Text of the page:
The Springhaven Club
|Golf Professional||Ben F Debski||(610) 872-8461|
|General Manager||T.J. Diagne||(610) 876-8187|
|Superintendent||Charles J Miller||(610) 872-4502|
|Architect||Ida E. Dixon|
|Tee Sheet||Front 9||Back 9||Course|
|Family Tee #2||Men||30.4||103||30.5||104||60.9||104|
|Family Tee #1||Men||29.0||99||28.9||94||57.9||97|
|Family Tee #2||Women||31.8||109||31.9||105||63.7||107|
|Family Tee #1||Women||29.5||100||29.4||95||58.9||98|
Delaware County got its first club when The Springhaven Country Club, as it was initially called, was formed in October of 1896. No founding father here. A “founding mother” is closer to the truth.
Eleanor Reed toured Europe in the summer of 1896, saw golf being played in France, tried it herself, fell under its spell, and returned to her home in Media eager to organize a golf club there. Fortunately, several of her neighbors— Dr. Casper T. Miller, who had also recently played in Europe, and Henry and Ida Dixon, who had been introduced to the game some months earlier in Bermuda— were equally enthusiastic. Others, doubtless on blind faith, became believers. A parcel of pasture land (at Providence Road and Jackson Street in Media then) known as “Springhaven Farm” was leased from a dairy farmer. Included was an old springhouse to serve as a locker room. The club took over not only the farm but the name, and the Springhaven Country Club was launched. Its first president was George T. Butler. Eleanor Reed Butler was its first secretary.
The green committee laid out the nine-hole course, which had a total length of 2,940 yards and almost certainly the most exhausting start in American golf. The first hole measured 600 yards and the second hole 520 yards. Each was a par 5 1/2. In an age when a 160-yard drive by an inexperienced amateur—all Springhaven members in 1896 were inexperienced amateurs—was considered little short of herculean, these opening holes must have seemed an endless slog. In any event, the other seven holes (240 yards, 200, 434, 384, 176, 133, and 253) were what one would expect, but that start must have been demoralizing.
The club’s fee structure was typical. An Active Member paid an initiation fee of $10 and annual dues of $15. Family Membership, which included sons and daughters under 17, required a $15 initiation payment and $30 annual dues.
Springhaven’s stylish clubhouse, 1907.
Membership increased rapidly, and the simple facilities were soon outgrown. Late in 1903, what is the present property of the club, in Wallingford, was purchased. Here, on essentially level terrain, an 18-hole course was laid out. According to The Architects of Golf, by Geoffrey S. Cornish and Ronald E. Whitten, it was Ida Dixon who was responsible for the design of the course, making her the first female golf architect in America, probably in the world. Mrs. Dixon would serve as president of the Women’s Golf Association of Philadelphia from 1911 through 1916.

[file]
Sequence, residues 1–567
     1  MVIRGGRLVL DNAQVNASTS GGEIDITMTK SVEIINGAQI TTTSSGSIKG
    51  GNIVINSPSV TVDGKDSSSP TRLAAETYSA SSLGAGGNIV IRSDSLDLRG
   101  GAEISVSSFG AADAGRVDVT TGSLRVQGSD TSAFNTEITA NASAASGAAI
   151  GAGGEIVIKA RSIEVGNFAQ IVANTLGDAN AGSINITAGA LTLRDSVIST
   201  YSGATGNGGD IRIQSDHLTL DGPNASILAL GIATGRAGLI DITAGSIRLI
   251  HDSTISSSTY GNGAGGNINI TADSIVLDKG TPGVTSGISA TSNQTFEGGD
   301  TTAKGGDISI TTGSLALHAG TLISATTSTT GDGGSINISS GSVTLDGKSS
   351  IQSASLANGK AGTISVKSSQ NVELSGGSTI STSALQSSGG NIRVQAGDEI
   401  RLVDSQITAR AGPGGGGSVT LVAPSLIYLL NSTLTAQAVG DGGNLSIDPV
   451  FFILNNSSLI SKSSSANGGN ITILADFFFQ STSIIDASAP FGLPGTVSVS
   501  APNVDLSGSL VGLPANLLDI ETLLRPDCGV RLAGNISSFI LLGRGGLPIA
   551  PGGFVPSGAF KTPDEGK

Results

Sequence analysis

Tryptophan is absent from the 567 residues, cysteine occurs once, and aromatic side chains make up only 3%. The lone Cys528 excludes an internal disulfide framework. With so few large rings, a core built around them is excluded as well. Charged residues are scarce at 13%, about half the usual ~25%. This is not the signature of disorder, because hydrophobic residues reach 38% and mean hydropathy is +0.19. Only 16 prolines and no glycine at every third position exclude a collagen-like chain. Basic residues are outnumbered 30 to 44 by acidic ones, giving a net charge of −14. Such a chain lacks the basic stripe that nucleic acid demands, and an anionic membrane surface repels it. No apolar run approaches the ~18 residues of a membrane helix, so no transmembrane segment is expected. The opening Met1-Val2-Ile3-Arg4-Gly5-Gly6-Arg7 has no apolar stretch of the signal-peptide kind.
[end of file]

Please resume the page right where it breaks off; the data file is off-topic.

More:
Built at the same time was the splendid clubhouse (broad brick terraces; a two-story high assembly hall with beamed ceiling, an open fireplace, and a musicians’ balcony; a dining room with an open fireplace and “fitted china closets;” a cardroom; a taproom with rustic inglenook; a billiards room; locker and shower rooms; guest rooms and suites for visiting golfers). When the new Springhaven Country Club was officially dedicated on July 9,1904, the Chester Times reported that “the elite of Delaware County were in attendance,” the ladies attired in the height of current fashion, a number of members arriving in that daring new contraption, the motor car.
The new Springhaven also boasted a golf professional, its first. His name was Horace Rawlins, and he is an historic figure in American golf. In 1895, at Newport Golf Club, Rhode Island, he won the inaugural U.S. Open Championship, shooting 91 in the morning and 82 in the afternoon to edge Scottish-born Willie Dunn, the favorite, by two strokes. Young Rawlins—he was then 21, English-born and reared—was awarded the top prize of $200 but had to hand back $50 in order to pay for the gold medal he received to commemorate his victory. Professional golfers were held in generally low esteem in those days. They were widely viewed as little other than hard-drinking ex-caddies. Horace Rawlins, however, seemed to have served Springhaven well, selling equipment and giving lessons till 1909.